Once the office workers are across the driveway, the share the same problems as other pedestrians starting from the southwest corner or from the residences. But, crossing to the residential/retail building could be easier. And a sidewalk could remove the need for two crossings and make a nicer, more direct route to the south complex.


Wouldn't it be just as simple to wear a helmet?

Airbag helmet. Video has to be seen to be believed.

Would make a good supplement to a helmet, though.


Thursday, October 21, 2010

First do no harm -- CHS and sidewalks

Not only does the proposed design for Chestnut Hill Square fail to make things better for pedestrians along Boylston St./ Rte. 9, it makes things worse. Substantially worse.

All things considered, things aren't that bad for pedestrians along the site. There's an enormous shoulder between the travel lane and the sidewalk. There's a decent grass buffer. And, there are bushes and trees.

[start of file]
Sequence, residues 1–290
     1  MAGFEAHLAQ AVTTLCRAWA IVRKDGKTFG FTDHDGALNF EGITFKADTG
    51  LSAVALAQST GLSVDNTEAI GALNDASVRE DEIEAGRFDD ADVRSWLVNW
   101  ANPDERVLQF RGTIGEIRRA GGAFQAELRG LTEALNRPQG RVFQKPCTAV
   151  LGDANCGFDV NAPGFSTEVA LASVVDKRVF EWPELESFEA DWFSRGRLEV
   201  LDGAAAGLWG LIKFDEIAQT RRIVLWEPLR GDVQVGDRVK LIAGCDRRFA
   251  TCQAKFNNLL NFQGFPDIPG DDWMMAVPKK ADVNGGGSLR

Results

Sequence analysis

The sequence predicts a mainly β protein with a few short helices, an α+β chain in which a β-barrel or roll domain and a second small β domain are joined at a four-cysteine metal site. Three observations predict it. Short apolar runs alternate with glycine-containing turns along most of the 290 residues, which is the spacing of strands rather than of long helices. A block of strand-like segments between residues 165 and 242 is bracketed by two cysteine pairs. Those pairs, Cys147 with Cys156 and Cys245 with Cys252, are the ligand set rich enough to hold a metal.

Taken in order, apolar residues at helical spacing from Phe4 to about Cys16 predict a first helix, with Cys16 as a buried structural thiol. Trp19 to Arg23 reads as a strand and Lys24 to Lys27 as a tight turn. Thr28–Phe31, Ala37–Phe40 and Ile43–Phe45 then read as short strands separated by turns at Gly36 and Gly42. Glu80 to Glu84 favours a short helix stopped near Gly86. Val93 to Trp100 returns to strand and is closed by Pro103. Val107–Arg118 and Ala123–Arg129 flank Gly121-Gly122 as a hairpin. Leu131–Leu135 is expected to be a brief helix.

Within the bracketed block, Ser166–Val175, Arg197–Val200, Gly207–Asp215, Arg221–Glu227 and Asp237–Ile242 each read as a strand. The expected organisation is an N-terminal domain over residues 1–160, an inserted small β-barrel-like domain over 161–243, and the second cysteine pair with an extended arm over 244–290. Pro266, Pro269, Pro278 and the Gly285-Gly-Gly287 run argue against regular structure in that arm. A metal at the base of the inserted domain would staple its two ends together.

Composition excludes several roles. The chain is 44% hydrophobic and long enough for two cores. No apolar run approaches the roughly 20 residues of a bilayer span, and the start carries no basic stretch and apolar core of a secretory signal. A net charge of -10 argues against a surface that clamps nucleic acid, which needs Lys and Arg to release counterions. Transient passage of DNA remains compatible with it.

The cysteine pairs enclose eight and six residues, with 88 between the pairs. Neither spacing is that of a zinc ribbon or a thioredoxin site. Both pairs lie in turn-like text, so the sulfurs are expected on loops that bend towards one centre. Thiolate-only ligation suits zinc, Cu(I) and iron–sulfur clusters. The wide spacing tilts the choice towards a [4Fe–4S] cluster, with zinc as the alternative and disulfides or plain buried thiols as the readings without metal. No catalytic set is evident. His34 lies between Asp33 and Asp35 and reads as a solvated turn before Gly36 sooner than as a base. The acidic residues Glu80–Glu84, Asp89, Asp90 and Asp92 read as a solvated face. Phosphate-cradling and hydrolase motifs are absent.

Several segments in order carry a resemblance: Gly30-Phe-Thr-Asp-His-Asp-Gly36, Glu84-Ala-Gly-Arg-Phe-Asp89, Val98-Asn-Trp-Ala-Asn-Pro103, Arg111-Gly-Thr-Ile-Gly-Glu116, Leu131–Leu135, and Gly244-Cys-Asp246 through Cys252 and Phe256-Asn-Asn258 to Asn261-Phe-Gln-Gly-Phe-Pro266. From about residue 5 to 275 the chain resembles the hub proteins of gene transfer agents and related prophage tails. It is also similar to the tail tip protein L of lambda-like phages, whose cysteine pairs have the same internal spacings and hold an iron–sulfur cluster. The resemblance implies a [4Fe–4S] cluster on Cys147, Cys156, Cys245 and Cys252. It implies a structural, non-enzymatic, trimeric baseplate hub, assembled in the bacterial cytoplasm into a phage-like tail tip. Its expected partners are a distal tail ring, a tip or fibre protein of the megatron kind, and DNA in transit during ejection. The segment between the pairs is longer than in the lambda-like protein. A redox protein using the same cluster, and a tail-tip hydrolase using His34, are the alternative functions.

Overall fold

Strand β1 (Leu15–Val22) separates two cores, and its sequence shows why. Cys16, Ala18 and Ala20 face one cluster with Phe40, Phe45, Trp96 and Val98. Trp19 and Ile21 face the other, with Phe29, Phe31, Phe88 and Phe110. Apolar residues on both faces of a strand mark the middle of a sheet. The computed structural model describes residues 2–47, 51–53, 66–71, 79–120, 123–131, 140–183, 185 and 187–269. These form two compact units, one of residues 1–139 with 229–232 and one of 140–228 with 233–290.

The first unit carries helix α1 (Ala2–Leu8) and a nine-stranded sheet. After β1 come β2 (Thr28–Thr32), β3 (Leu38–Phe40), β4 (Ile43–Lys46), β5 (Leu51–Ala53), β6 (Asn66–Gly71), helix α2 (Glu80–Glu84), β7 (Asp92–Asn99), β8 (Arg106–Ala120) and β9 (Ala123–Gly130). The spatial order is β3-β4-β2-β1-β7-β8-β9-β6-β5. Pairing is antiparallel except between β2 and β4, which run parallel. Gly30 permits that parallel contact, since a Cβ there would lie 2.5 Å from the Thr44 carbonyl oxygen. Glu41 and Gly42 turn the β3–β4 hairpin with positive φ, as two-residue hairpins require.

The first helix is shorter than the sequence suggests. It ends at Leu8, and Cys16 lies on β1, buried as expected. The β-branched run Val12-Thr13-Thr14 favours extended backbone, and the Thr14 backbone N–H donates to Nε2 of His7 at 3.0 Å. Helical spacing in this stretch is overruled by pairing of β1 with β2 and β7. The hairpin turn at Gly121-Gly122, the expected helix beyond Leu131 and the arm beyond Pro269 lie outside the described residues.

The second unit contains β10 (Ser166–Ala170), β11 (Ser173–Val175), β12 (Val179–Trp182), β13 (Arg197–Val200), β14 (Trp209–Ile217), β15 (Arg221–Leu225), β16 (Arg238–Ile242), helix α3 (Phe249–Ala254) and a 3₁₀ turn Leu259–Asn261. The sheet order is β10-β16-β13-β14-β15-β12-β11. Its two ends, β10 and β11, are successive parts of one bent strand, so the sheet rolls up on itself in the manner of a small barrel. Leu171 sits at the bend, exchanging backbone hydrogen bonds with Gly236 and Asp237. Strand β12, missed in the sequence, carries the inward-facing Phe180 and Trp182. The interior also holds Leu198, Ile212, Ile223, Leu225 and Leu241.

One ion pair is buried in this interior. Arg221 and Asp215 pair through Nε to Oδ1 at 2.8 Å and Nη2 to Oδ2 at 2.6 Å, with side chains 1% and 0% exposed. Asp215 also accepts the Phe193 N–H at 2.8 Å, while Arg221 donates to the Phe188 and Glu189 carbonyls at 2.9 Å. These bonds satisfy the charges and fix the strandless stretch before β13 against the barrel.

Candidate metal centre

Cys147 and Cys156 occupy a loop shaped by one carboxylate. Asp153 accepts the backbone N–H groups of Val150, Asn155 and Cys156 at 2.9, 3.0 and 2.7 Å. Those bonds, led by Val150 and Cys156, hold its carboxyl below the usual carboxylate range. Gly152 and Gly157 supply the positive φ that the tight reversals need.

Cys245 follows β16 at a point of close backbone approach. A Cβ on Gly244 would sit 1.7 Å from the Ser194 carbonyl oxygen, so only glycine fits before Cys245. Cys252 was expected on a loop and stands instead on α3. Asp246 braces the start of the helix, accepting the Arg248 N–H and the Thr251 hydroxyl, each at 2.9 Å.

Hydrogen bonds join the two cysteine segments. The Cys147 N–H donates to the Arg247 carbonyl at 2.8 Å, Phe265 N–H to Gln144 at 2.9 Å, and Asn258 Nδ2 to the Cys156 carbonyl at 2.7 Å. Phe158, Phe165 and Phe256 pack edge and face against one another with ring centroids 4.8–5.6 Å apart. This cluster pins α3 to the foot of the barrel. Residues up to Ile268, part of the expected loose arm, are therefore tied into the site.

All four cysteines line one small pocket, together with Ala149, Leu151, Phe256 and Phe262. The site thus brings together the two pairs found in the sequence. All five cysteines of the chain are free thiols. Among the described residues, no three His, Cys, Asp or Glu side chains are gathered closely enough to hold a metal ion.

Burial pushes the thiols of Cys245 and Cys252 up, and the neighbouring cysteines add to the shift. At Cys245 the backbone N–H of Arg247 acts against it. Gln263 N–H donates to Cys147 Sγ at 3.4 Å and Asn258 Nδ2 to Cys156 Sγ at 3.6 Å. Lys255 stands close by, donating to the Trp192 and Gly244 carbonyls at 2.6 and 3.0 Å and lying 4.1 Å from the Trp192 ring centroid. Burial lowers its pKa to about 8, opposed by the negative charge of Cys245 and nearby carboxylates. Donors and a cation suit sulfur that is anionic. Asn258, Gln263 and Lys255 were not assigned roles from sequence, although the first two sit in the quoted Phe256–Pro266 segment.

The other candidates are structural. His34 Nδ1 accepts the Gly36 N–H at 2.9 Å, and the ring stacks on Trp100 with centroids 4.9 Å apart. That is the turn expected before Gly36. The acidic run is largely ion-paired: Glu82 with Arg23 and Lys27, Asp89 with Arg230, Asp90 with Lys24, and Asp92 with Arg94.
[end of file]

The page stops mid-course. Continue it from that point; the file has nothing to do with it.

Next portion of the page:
Things aren't great along the Mall at Chestnut Hill side (the north side). But, there is, effectively, a big gap between the travel lanes and the sidewalk.

The proposed plan is going to bring traffic right up to the sidewalk. The sidewalk is going to be no wider than is required by the ADA. And, on the south side, the sidewalk will be hard up against the back of a building, with no windows at the street level.

Making things worse for pedestrians is not a Complete Streets-approach to traffic design.


Tuesday, October 19, 2010

Chestnut Hill Square -- sidewalks along Boylston/Route 9

At tonight's Land Use working session, Deb Crossley asked a good series of questions. Why aren't the sidewalks along Route 9 wider? Why aren't there street trees and buffers? She wants the sidewalks to be attractive enough to encourage pedestrians.